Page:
Hometown: Tampa, Fla.
Major: Africana studies
Student organizations/Activities: ACE Magazine, National Association of Black Journalists, Colonial Inauguration, Public Service Grant Commission
Previous SA experience: CCAS senator, vice chair of the academic affairs committee
Favorite GWorld spot: Georgetown Safeway
Favorite off-campus spot: National Gallery of Art
Dream job: Making sure all stories from marginalized communities are being represented in the media
Fun fact: In elementary school, I was part of a girl group, and we used to practice on the playground and we used to sing songs. Every other Friday we would have performances after school.
Favorite place in the world: Paris
Favorite movie: “Princess Bride”
Role model: My mom, Oprah, any black woman who has been successful and overcome adversity
ShanTorrian Underwood’s bid for Student Association president is personal.
Nearly all of her policy proposals are based on her personal experiences and struggles at the University. As a first-generation student and a student of color, Underwood said her platform includes ideas to improve the student experience for peers just like her.
“The goal is to make sure I have a platform where I can bring other students to the table,” Underwood said. “That is what I want to do and that is what I’m going to do. I’m not here to just have the title and position and not do anything. I’m here to do work. I’m here to make change happen.”
Underwood, a sophomore and an undergraduate SA senator representing the Columbian College of Arts and Sciences, said being the first of her family to attend college was both “momentous” and stressful because she had no “point of reference” for navigating campus or her courses. If elected, she hopes to create a website dedicated to first-generation students, where incoming students can access tips and testimonials from their peers, she said.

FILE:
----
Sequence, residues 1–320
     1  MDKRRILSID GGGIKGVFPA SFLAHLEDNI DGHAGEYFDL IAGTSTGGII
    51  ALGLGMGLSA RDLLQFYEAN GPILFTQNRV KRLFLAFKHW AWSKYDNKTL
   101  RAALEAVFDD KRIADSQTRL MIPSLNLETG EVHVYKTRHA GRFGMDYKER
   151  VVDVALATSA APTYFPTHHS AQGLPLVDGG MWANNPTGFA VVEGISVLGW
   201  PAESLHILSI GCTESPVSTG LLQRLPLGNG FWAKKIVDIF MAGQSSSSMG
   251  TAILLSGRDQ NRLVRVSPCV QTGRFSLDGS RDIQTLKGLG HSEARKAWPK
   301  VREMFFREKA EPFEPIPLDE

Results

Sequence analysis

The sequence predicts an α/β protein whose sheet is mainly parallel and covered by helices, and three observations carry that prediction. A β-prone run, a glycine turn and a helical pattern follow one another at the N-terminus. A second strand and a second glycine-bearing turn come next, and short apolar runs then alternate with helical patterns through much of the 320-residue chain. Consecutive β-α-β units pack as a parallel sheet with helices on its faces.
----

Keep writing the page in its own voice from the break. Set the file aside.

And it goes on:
“I want to ensure that there are more personal stories on there and, if the students are willing and they want to have their story out there, I want to have a more student-centered perspective on the website,” she said.
Underwood’s platform also proposes a retreat for students of color that would take place over the days before new student orientation in August. The retreat would include workshops for students to navigate food insecurity and get to know one another before officially starting class.
As a former Colonial Inauguration leader, Underwood said students often feel overwhelmed with orientation and do not have enough time to meet people from similar backgrounds.
“As a student of color, as a black woman on this campus, something that I am extremely passionate about is making sure that students who come from diverse communities can be better connected,” Underwood said.
In her platform, Underwood also outlined plans to add more multicultural and affordable vendors to GWorld to help combat food insecurity – a problem she has also faced during her time at GW.
When Underwood arrived on campus last year, she said she thought the $2,300 she was allocated in GWorld funds would last through December, but she ran out about a month before the semester ended. She said she realized that staying on budget was more difficult than anticipated, especially because she lived on the Mount Vernon Campus and did not have as many nearby dining vendors as students living on the Foggy Bottom Campus.
She said she would often turn to The Store, the University’s student-led food pantry, for meals if she was running low on cash. If elected, Underwood said she would also push for a similar pantry on the Vern.
“That’s a big issue on this campus, and that’s something I am personally very passionate about because students shouldn’t be hungry, students shouldn’t not have access to a basic thing that you need in order to survive,” she said.